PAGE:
Failure between the past and the present for Willy Loman in Death of a Salesman.
Failure is, arguably, a relative concept in Death of a Salesman. While Willy Loman clearly fails in his own eyes to achieve his dreams of wealth and great success, he does manage to pay off his mortgage and raise two children. The fact that Biff ultimately comes to mature morally and learns to accept himself with humility and honesty suggests that Willy has not completely failed as a father.
The successes that Willy does achieve are rather subtle in comparison to his visions of grand success along the lines of that achieved by his brother Ben, who makes a fortune through daring and adventurous investments in exotic places (Alaska and Africa).
"Uncle Ben, Willy’s brother. He goes out into the jungle and in a few years returns from the diamond mines a rich man. His success is an accusation to Willy" (eNotes).
In Willy's delusional conversations with Ben, we see that Willy once had high hopes for himself and for his sons. Ben's great success becomes a standard for Willy - one that he fails to to meet.
Notably, Willy is engaged in a series of lucid memories wherein he remembers and re-imagines the past. In these episodes we see his pride in Biff and his belief that Biff can be a great man one day. We also find Willy mis-remembering Biff's role at the sporting goods store when he suggests that Biff was once a salesman there.
Biff: [...] How the hell did I ever get the idea I was a salesman there? I even believed myself that I’d been a salesman for him! And then he gave me one look and—I realized what a ridiculous lie my whole life has been.
Willy's memories demonstrate his ideas of success and at times present a contrast to his current state. At the time the narrative takes place, Willy feels that he has not attained a level of respect at his job or helped to launch either of his sons on a path toward financial (or moral) success.
Thus Willy's memories of Biff's glory on the football field and his mistaken memory that Biff was an up-and-coming salesman at the sporting goods store become indications of the type of success that Willy had hoped for - for himself and for his sons.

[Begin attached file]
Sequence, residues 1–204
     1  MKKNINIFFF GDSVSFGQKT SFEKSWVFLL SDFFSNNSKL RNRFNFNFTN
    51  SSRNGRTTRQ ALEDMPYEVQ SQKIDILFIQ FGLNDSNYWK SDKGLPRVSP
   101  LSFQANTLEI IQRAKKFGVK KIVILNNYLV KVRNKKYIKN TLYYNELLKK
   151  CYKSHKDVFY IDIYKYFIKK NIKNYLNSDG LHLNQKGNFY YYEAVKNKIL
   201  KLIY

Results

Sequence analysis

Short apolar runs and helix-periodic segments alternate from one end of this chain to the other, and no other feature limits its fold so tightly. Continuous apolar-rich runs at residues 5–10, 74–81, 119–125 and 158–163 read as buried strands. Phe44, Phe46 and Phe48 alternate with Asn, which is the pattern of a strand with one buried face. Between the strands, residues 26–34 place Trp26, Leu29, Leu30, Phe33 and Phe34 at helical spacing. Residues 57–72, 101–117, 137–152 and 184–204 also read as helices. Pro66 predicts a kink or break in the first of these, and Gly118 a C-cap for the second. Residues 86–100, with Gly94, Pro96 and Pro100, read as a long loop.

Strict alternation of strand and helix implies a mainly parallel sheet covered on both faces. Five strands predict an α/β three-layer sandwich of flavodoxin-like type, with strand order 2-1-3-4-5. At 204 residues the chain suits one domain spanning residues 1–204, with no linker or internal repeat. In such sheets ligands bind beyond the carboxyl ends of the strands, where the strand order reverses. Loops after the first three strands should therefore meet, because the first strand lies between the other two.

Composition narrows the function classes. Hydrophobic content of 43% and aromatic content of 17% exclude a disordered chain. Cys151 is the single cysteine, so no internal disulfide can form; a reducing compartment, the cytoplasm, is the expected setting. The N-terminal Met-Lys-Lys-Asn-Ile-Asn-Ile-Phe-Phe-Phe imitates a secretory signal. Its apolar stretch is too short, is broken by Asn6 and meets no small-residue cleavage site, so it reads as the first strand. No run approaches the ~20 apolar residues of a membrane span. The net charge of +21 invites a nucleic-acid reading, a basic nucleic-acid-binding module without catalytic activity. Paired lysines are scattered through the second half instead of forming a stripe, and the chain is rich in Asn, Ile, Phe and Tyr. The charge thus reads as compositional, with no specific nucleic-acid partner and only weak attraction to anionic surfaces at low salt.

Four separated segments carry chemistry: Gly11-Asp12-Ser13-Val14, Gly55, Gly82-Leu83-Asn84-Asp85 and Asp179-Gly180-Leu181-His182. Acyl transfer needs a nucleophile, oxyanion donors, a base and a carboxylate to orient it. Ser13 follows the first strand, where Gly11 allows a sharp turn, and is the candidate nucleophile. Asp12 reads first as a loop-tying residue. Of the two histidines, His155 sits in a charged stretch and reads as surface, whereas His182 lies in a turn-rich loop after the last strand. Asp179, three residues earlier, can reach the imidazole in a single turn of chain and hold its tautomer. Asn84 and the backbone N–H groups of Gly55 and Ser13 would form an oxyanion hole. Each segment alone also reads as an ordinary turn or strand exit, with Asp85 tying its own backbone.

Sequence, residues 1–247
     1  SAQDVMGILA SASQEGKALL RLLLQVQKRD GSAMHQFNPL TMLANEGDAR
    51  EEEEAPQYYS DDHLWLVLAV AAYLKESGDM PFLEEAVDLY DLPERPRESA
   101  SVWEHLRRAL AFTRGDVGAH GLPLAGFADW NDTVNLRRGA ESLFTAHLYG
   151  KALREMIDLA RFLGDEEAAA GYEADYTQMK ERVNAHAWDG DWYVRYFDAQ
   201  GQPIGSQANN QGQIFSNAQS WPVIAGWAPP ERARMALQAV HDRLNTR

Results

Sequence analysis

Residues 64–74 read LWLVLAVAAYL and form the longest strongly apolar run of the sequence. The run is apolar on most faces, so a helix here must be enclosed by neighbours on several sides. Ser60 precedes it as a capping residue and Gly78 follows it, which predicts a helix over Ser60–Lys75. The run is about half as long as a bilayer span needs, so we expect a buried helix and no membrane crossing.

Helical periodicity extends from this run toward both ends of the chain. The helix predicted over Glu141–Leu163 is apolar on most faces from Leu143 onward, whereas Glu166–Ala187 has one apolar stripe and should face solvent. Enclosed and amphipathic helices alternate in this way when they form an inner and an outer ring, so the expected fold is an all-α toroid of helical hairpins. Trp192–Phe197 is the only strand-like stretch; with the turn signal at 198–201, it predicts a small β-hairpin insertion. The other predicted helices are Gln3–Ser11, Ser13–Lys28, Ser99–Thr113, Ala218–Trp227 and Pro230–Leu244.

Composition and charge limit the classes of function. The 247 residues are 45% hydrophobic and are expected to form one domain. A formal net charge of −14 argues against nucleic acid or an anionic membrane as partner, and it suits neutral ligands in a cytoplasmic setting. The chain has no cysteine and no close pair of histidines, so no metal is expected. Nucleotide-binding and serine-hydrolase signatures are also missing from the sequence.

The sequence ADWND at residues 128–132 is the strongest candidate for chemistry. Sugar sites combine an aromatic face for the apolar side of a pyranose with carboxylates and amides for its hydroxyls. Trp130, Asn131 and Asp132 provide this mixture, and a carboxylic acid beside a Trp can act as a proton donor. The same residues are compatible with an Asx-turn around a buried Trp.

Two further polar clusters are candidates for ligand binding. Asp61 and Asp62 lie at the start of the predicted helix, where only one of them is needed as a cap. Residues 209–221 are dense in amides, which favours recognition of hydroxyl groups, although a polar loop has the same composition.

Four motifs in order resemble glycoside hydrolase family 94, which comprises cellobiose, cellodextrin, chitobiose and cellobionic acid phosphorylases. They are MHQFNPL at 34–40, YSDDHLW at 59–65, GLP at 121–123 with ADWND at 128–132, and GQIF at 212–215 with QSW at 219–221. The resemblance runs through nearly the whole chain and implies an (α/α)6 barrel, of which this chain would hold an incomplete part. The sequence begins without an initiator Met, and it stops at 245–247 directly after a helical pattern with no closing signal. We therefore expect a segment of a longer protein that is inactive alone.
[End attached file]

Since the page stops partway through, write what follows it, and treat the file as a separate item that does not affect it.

In certain moments, Willy insists that he is or was once known as a great personage and a fine salesman across the east coast. This too is a depiction of the success he sought - to be respected and well-liked, to be a potent figure.
In identifying Willy's hopes and dreams and marginal success (in his own eyes) in the past through flashbacks and recollections, the play effectively suggests that Willy's failure has occurred some time between the past and the present. The intervening years have been years of decline, leading Willy to despair, bitterness and rancor.
Despite the humble achievements he has made, Willy has not won the day as his brother did and as he hoped his son Biff would. Importantly, Willy's failure is not absolute. His failure is arguably one generated and demanded only by his own perspective.
Had Willy come to an epiphany like Biff's wherein he was able to see himself clearly, perhaps Willy would have understood what Linda was trying to tell him and could have found some peace.
"Willy struggles with the image of his ideal self his entire life, until he can no longer deny the fact that he will never become this ideal self and he commits suicide" (eNotes).